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Selma, Alabama and the Right to Vote. 1965 Martin Luther King decided to launch a protest march about the Blacks right to vote in Selma, Alabama. WHY? He believe the right to vote without fear or difficulty was vital if civil rights were to be won

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Selma, Alabama and the Right to Vote

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Selma alabama and the right to vote

Selma, Alabama

and the Right to Vote


Selma alabama and the right to vote

1965 Martin Luther King decided to launch a protest march about the Blacks right to vote in Selma, Alabama

WHY?

  • He believe the right to vote without fear or difficulty was vital if civil rights were to be won

  • Voter registration qualifications in the South often made it impossible for Blacks to vote


Why was voting so important

Why was voting so important?

  • Without the vote Black citizens had no voice

  • Black politicians could be elected if Blacks could vote

  • If Black politicians were elected they could help to make improvements for Blacks


Why was 1965 a good time to act

Why was 1965 a good time to act?

  • Martin Luther King had just been awarded the Nobel Peace Prize for his civil rights work

    • An international award only given to very special people

  • He was now world famous and could use his fame to push for more civil rights


Why did mlk chose selma alabama for the protest

Why did MLK chose Selma, Alabama for the protest?

  • Alabama – state with greatest resistance to civil rights

  • Selma - only 325 out of 15,000 blacks registered to vote

  • Blacks who tried to register to vote were prevented

  • Jan – Feb 1965 protests in Selma led to the shooting of one Black protestor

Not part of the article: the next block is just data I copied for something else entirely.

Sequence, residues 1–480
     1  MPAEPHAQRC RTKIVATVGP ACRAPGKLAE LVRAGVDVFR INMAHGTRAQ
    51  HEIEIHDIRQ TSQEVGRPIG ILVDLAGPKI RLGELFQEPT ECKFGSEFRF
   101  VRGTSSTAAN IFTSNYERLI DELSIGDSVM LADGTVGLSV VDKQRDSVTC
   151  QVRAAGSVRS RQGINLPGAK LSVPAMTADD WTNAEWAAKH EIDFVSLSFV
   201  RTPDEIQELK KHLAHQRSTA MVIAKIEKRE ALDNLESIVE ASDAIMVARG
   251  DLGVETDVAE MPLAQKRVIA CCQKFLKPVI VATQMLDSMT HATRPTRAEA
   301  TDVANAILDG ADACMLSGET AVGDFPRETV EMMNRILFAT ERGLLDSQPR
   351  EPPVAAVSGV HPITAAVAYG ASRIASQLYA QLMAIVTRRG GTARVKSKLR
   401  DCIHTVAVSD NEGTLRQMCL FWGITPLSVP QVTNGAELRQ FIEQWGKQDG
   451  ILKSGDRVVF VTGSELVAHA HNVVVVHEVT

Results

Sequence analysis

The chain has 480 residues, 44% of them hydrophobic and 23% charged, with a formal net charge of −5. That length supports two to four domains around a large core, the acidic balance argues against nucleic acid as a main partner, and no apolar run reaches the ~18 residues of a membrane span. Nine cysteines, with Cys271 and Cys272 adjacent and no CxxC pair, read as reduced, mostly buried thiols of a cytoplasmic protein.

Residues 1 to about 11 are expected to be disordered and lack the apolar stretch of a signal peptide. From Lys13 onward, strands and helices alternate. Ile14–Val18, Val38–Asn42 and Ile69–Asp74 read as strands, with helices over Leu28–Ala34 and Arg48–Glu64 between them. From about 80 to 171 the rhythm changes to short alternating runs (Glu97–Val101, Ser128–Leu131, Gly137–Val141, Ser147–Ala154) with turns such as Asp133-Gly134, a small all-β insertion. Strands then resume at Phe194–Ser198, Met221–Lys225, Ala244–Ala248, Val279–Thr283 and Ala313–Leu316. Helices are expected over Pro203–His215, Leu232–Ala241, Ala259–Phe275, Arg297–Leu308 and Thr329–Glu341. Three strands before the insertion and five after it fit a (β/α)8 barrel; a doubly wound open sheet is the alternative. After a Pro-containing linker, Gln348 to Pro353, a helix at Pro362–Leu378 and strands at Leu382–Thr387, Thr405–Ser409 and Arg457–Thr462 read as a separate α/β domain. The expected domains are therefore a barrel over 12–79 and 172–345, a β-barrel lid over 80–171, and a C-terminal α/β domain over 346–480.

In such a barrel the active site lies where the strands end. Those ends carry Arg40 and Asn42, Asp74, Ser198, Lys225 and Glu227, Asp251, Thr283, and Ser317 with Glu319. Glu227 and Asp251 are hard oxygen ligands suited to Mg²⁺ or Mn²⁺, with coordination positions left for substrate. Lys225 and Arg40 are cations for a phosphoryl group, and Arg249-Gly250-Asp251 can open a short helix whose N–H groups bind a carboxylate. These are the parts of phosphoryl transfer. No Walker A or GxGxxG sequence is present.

• Governor of Alabama, George Wallace promised ‘Segregation forever!’


Martin luther king is arrested

Martin Luther King is arrested…

  • 1 Feb 1965 MLK deliberately got himself arrested

  • His arrest was planned as a publicity stunt


Selma alabama and the right to vote

Martin Luther King is arrested…

  • WHY?

  • March in Selma was planned for a month later

  • Shortly after winning the Nobel Peace Prize so MLK’s arrest would be big news


The march begins

The march begins…

  • Took place 7 March 1965 – aim was to march from Selma to Birmingham


Selma alabama and the right to vote

The march begins…

  • Took place 7 March 1965 – aim was to march from Selma to Birmingham

  • 600 marchers crossed a bridge on outskirts of Selma


Selma alabama and the right to vote

The march begins…

  • Met by 200 state troopers and local police on horseback armed with tear gas, sticks and bull whips


Selma alabama and the right to vote

The march begins…

  • The marchers were ordered to turn back

  • When they refused they were attacked by the law enforcers


Selma alabama and the right to vote

The march begins…

  • Marchers were beaten, whipped, trampled on by horses and tear gas was used

  • 17 marchers were hospitalised


Selma alabama and the right to vote

  • USA was shocked by the images it say on TV

  • Day became known as ‘Bloody Sunday’

The chief function of the Civil Rights movement has been to awaken the nation’s conscience. Hundreds of people dropped whatever they were doing, some would leave home without changing clothes, would borrow money, hitch-hike, board planes, buses and trains, travel thousands of miles with no luggage; all these people would move for a single purpose: to place themselves alongside the Negroes they had watched on television.

George Leonard, US Journalist who watched the events of ‘Bloody Sunday’


The us army protects the march

The US army protects the march…

  • March 21, the march began again

  • This time US troops protected the marchers

  • They reached Birmingham March 25

  • However, on the same day the KKK shot and killed one of the marchers


Selma alabama and the right to vote

Result of the March

  • Aug 1965 Congress passed the Voting Rights Act

  • This act removed various barriers to voting registrations

    • E.g. literacy tests and checks on poll tax


How successful was the voting rights act

How successful was the voting rights act?

  • Within 3 years most of the Black population of the south were registered to vote

  • White politicians now needed Black votes to stay in power

  • Some Blacks saw an opportunity to became politicians themselves


Selma alabama and the right to vote

  • The Voting Rights Act marked the end of the civil rights campaign in the south

  • By 1965 the focus of civil rights protests moved north and the style of protests also about to change from non-violent to violent…...


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